“An archives encapsulates an overlapping set of stories. Each of these tells one thread of a narrative, and the researcher pieces these together to create a cohesive approximation of the past. Rex Pickett, in his novel The Archivist, creates a fictional archives, one populated by archivists who act and speak as real archivists do, and his multifoliate story replicates the process of archival research. The reader accumulates the novel’s multiple streams of action, wondering where the novel will turn next, always working toward a final resolution that reveals itself with surprising force.” — Geof Huth, chief records officer, NY State Unified Court System
Fiction/Mystery & Detective
When archivist Nadia Fontaine is found dead of an apparent drowning, Emily Snow is hired by Regents University to finish the job she started—to organize and process the papers of Raymond West, a famous Pulitzer Prize–winning author who has been short-listed for the Nobel.
Emily’s job comes with its inherent pressures. West’s wife, Elizabeth, is an heiress who’s about to donate $25 million to the Memorial Library—an eight-story architectural marvel that is the crown jewel of the university. The inaugural event in just a few months will be a gala for the who’s who of San Diego to celebrate the unveiling of the Raymond West Collection and the financial gift that made it all possible.
As Emily sets to work on the West papers, it begins to dawn on her that several items have gone missing from the collection. To trace their whereabouts, she gains unsupervised access to the highly restricted “dark archives,” in which she opens a Pandora’s box of erotically and intellectually charged correspondence between Raymond West and the late Nadia Fontaine. Through their archived emails, Emily goes back a year in time and relives the tragic trajectory of their passionate love affair. Did Nadia really drown accidentally, as the police report concluded, or could it have been suicide, or, even worse, murder? Compelled to complete the collection and find the truth, Emily unwittingly morphs into an adult Nancy Drew and a one-woman archivist crusader on a mission to right the historical record.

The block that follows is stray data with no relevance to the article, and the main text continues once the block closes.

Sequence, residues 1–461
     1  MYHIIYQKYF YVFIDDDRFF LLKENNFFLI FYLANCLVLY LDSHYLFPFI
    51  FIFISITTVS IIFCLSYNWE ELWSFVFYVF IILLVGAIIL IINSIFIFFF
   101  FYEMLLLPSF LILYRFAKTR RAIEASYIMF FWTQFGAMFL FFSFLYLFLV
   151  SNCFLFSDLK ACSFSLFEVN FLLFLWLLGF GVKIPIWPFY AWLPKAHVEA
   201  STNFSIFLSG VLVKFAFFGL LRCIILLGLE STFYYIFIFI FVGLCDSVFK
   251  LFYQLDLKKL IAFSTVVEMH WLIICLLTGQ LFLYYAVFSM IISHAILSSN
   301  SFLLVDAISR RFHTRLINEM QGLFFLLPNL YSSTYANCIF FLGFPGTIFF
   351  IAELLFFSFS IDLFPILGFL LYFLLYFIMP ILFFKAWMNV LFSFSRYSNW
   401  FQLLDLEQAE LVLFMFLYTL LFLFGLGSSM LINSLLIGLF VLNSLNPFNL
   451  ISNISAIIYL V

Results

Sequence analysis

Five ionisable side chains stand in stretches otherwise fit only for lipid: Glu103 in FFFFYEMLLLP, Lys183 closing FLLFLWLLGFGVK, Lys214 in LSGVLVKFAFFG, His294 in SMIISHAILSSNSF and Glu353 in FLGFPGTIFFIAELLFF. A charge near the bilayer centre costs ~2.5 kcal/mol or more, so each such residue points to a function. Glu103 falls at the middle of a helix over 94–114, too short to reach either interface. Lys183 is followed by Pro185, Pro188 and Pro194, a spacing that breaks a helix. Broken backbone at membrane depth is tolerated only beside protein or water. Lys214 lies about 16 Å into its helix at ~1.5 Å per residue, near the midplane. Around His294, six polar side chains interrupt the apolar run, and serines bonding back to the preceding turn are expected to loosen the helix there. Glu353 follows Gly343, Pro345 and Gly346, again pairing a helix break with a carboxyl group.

Twisting slowly like a tourniquet, The Archivist turns into a suspenseful murder mystery with multiple and intersecting layers. Not just a whodunit, it is also a profound meditation on love, privacy, and the ethics of destroying or preserving materials of a highly personal nature.
“As deeply, disturbingly immersive as the archive at its heart.” —Kirkus Reviews
“The Archivist is a powerfully engrossing mystery/thriller by author Rex Pickett. A departure from the Sideways trilogy, Pickett gracefully draws the reader into a web of love, obsession, paranoia, betrayal, and the written word. The plot draws the reader in subtly, and shortly thereafter, they are as consumed as Emily in discovering a dark reality.” —San Francisco Book Review
“Never underestimate an archivist. Rex Pickett’s The Archivist is a haunting and sometimes heartbreaking exploration of the truths and power records hold, the insidiousness of their erasure and destruction, and the redemption that can be found in their restoration and preservation. It captures the archival thrill of the hunt, the pursuit of all the pieces that will tell a story, no matter what the consequences. In this shattering thriller, Pickett’s Emily Snow shows that archivists are detectives, and relentless ones, at that. The Archivist surfaces the hidden and often ignored labor of the archival profession. Pickett captures the joys, hazards, and annoyances of being an archivist and renders a closely observed depiction of the politics and pecking orders of libraries, special collections, and archives. Archivists are at turns eavesdroppers and voyeurs, sometimes bonded to their subjects. Although often conflicted by competing obligations, they are driven by a singular mission to ensure that truths are preserved.” —Caryn Radick, digital archivist, Rutgers University
“Rex Pickett’s beautifully written and tautly structured novel is a slow burn that builds on every page to its searing, emotional conclusion—along the way the author and his characters descend into the dark chasm that often separates art from truth, and sometimes does not.” —Charlie Lovett, New York Times bestselling author of The Bookman’s Tale and Escaping Dreamland
Rex Pickett is a California-based screenwriter and author who is most well known for writing Sideways, the book that became one of the most critically acclaimed and highest-grossing comedy films in Hollywood history. The screenplay for the film was named one of the Top 100 Screenplays of All Time by the Writers Guild of America while the movie itself was nominated for five Oscars (winning Best Adapted Screenplay) and seven Golden Globe Awards (winning Best Screenplay and Best Picture). Pickett also wrote the script for the Oscar-winning Best Live Action Short My Mother Dreams the Satan’s Disciples in New York, and his Sideways sequel Vertical won the Gold Medal for Popular Fiction from the Independent Publisher Book Awards. The Rex Pickett Papers are in archives at Geisel Library on the campus of his alma mater, UCSD. Pickett resides in Del Mar, California.